While proprietary vendors have argued that their software is more secure because it is secret, this can be countered with the view that closed source is so easy to use that weak crypto or implementing a crypto back door by selecting fixed numbers as parameters can occur, whilst in OSS this is not possible.OSS offers the IT security team the opportunity to audit the code and conduct proper due-diligence and even adjust the code to their own needs if possible.

With Open Source at its core, LinOTP reduces the risks associated with proporietary software.




Five typical enterprise security fails

At FOXMOLE, we have met with many large organisations and whilst they are all different in terms of their particular security challenges, there have been a number of commonalities observed:

Lack of mitigations

One example of this is the absence of a patch process, which is surprisingly frequent. Once a vulnerability with an internal or external application has been identified, how is a patch issued, and how quickly is the fix implemented? The issue is that the processes are not reoccurring as frequently as they should, leaving a window of opportunity for an attacker to compromise the system with known vulnerabilities. FOXMOLE has also observed that the patch process does not address all layers, for example only the server patches are applied, but not the service-layer, the used frameworks or the applications are part of it.

Too often we see either a piecemeal approach that only addresses part of the network, or a reinvention of the wheel each time – as if a patch has never occurred before. With attacks more than likely to succeed at some point (however small), it is time to factor in how these would be remediated so minimize the chance of reoccurrence.

Insider threat often underestimated

In modern company culture that often stress (rightly) collaboration, assumption of best intent and HR/privacy guideline adherence, it can be hard to stress the need to factor in actions by a disgruntled employee. A Forrester Research report, “Understand the State of Data Security and Privacy,” showed that 25% of survey respondents the most common breach occurred in the past year at their company derived from abuse by a malicious insider. If that insider has privileged account access, the risk is particularly significant.

One failure FOXMOLE sees in this respect is a focus on policies and the main solution. Companies tend to protect against external threats;  they patch every external server-system (available from the internet) and do not do that for internal systems (same applies to hardening…). In the end, the important systems (which often are not available from the internet such as SAP, HR-Systems, Customer Analytics,…) are in a weak security state (default passwords on the databases, old patch levels…). This means that anyone with access to the local network (an insider, subcontractor) has a very soft target which enables them to steal the data. In addition, if employees can bring their own devices (subcontractors with own laptops) they normaly have administrative rights with them and can bring their own attack tools and have all the time to exploit systems and extricate data – since no corporate compliance tool will typically check these BYOD devices.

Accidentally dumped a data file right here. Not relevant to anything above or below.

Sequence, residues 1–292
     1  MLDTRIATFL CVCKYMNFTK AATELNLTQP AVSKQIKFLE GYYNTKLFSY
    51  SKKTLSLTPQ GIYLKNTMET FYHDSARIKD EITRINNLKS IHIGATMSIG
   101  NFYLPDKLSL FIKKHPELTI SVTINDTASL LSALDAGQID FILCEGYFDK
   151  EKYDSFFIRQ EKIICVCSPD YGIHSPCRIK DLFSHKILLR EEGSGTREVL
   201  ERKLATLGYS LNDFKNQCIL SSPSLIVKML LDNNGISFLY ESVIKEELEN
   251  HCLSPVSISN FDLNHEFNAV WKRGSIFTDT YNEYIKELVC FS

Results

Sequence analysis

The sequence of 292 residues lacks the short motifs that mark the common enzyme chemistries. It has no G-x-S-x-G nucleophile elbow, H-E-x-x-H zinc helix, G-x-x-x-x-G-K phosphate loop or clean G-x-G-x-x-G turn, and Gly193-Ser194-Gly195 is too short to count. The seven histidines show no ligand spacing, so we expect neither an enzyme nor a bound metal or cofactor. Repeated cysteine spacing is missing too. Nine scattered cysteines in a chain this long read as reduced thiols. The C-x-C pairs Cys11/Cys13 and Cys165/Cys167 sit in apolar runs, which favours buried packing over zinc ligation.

Poor password practices

This seems like an old “classic”, but these present issues in multiple ways. A recent study in Luxembourg revealed that over 40% of respondents would share their passwords in return for chocolate. The significance of handing over a password still seems not resonate. Sharing password for admin accounts may be convenient and time-saving but presents major risks. Another challenge is laziness in creating passwords themselves, with “123456” or “welcome” remaining popular and of course easily hackable choices. Whilst it is hard to remember a wealth of complex passwords in work and personal life, using “password” for example, is not the smartest idea.

Linked to this is the fact that few companies seem to enforce strong passwords, or do not store the passwords in a secure manner (bcypt, scrypt with salts). It is essential to combine strong password policies with frequent password change requirements that will decrease the selected passwords to avoid predictability! Recent research showed that 63% of confirmed data breaches involved weak, default or stolen passwords.

General awareness of security

This may seem like a catch-all topic, but it’s really just a simple mindset issue. It’s about taking care of the basics such as locking the desktop, vetting sub-contractors, challenging non-familiar faces, not allowing visitors to walk around the building unescorted and not leaving valuables in the office. One service FOXMOLE offers is the “evil cleaner”; which involves consultants spending five minutes in an employee’s office to see how much could be taken by regular office presence with bad intentions.

Adherence to manual approaches

In a app-driven world, it is still a shock to witness the lack of automating of security and the modeling of this all into all processes. Addressing human weaknesses such as errors, laziness, absence of a repeated and consistent approach through automation is essential as the type, volume and complexity of security threats increase. FOXMOLE has observed on multiple occasions an absence of a defined, transparent and robust security framework.

There are no doubt many other common failings – look out for some more observations in a future blog!